Start to Finish: 2 hours Servings: Variable Difficulty: Easy
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Commercial apple-juice concentrate contains juice and ascorbic acid, ingredients readily available at the same supermarkets where you buy concentrate. Take advantage of the flexibility homemade concentrate affords and combine varieties for a tailored taste -- you'll find the best apples at farmers markets in September and October. Peeling and coring apples before juicing is optional, but the skins and seeds contribute tannins that impart mild bitterness to the finished juice. Twenty pounds of apples produces about 1 gallon of juice and 1/3 gallon of concentrate. Although not required, a combination apple corer/peeler cuts the prep time down by half or more.
- Ascorbic acid
- Fine-mesh sieve
- Rubber spatula
- Sugar (optional)
- Freezer-safe container or canning jars
Peeling and Pureeing
Add enough water to fill a food-grade container half full of water. Add 1/2 teaspoon of ascorbic acid per 1 gallon of water.
Peel, core and slice the apples. Discard any brown, bruised or blemished apple slices as you cut them. Add the apple slices to the water, and stir to coat them in the water mixture.
Pour 2 inches of water in a deep pot and add the apple slices. Set the apples on the stove over medium heat and cover the pot.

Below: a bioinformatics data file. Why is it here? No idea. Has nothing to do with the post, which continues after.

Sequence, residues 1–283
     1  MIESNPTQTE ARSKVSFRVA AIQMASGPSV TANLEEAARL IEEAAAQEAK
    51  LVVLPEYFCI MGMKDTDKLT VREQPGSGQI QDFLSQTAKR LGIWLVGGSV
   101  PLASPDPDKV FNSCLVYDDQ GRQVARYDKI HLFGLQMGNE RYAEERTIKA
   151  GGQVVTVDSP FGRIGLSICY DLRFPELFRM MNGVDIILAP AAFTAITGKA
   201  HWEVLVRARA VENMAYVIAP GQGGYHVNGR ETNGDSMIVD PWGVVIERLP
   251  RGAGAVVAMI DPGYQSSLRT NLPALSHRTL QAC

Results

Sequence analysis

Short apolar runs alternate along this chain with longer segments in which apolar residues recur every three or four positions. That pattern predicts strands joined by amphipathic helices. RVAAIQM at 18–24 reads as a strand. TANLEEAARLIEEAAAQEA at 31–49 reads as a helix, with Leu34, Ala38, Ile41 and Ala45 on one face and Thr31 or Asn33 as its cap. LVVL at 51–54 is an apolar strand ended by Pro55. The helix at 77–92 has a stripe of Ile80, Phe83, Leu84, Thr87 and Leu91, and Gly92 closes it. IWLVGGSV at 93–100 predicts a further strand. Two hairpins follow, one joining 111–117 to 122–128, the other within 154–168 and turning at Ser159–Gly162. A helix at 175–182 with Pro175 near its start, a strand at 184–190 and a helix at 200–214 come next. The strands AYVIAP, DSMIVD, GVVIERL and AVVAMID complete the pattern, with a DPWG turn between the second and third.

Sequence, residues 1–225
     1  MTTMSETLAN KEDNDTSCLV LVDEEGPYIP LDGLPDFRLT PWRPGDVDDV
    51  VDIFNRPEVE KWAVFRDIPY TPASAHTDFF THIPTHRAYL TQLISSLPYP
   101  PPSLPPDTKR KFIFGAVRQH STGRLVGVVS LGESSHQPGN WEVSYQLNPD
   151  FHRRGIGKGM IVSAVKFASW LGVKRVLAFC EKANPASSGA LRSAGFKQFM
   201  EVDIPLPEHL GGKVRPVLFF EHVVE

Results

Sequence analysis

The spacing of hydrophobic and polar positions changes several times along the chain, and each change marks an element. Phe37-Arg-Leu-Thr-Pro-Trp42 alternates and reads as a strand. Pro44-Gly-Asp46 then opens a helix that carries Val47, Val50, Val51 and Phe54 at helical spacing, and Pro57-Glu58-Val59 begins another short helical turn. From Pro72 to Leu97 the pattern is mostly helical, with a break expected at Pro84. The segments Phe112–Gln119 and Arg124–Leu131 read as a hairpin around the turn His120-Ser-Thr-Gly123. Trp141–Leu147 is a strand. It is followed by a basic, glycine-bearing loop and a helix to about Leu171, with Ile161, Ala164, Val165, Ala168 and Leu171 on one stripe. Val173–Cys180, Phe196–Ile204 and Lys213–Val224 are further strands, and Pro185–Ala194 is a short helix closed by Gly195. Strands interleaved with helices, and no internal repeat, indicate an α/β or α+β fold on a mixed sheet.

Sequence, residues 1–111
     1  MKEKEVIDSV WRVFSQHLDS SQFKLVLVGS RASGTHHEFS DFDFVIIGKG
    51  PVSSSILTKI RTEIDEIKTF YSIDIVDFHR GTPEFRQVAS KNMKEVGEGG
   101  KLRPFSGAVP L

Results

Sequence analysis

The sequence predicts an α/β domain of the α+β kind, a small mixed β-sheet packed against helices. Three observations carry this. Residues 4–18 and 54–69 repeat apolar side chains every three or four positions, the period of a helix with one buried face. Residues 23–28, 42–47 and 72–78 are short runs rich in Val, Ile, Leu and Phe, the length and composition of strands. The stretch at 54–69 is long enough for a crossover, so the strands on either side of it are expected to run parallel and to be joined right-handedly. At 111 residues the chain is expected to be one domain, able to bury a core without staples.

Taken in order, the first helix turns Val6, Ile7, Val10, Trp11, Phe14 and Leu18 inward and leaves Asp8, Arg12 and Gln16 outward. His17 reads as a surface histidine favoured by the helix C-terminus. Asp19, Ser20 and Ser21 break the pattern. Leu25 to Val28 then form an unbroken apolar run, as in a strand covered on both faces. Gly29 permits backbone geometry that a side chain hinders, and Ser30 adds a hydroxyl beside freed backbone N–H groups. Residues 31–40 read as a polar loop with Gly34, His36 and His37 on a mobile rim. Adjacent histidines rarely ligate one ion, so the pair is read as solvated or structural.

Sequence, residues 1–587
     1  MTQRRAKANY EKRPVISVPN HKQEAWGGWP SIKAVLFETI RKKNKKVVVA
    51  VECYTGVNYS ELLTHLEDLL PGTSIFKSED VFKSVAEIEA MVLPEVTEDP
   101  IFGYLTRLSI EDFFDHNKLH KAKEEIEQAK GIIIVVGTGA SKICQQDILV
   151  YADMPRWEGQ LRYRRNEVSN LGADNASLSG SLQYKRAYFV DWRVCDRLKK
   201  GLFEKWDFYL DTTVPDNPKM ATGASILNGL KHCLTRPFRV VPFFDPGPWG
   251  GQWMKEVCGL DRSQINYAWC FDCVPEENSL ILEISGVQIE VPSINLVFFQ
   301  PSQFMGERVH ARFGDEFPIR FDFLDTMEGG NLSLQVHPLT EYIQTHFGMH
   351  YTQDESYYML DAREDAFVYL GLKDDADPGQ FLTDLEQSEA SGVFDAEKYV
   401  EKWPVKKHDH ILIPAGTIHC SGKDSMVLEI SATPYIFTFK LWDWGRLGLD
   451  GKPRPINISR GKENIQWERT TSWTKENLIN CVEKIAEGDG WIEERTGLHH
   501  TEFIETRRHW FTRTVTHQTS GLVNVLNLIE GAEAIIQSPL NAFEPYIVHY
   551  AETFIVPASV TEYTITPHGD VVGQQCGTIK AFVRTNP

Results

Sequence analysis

Simmer the apples until soft. Mash the apples using a potato masher, every 10 minutes. Expect about 15 minutes of cooking per 10 pounds of apples.
Set a fine-mesh sieve over a large food-grade container or a second pot. Scoop the cooked apples into the sieve, and press them through using a rubber spatula.
Strain the collected juice through a fine-mesh sieve lined with two to three layers of cheesecloth and into another pot or container. Stir in 1/2 teaspoon of ascorbic acid per 1 gallon of juice.
Sweeten the apple juice with sugar to taste, if desired. Simmer the apple juice until it reduces by about two-thirds. Take the pot off the stove, and stir the apple juice a few minutes to speed up its cooling.
Packing for Freezing
Place the jars or freezer-safe containers in the freezer while the apple juice cools. Chilled containers help the juice freeze faster.
Pour the apple-juice concentrate in the containers or jars when it cools to room temperature. Leave 1/2 inch of head-space at the top.
Place the apple juice in the freezer, leaving an inch or two on either side of the container. After the juice freezes, you can pack it alongside other foods.
Any apple that tastes good as a snack will taste good juiced. But you don't have to limit yourself to supermarket staples red delicious and Fuji. Braeburns, golden delicious and pink ladies -- each on its own or combined -- have a balance of tart and sweet that pleases any palate.
Ice cube trays make portioning juice concentrate easy. Instead of jars, pour the apple-juice concentrate in an ice cube tray and freeze it uncovered. After the concentrate freezes, pack the trays in a heavy-duty storage bag.
Don't toss the apple peels! Reserve peels for apple tea, jam and for cleaning aluminum cookware.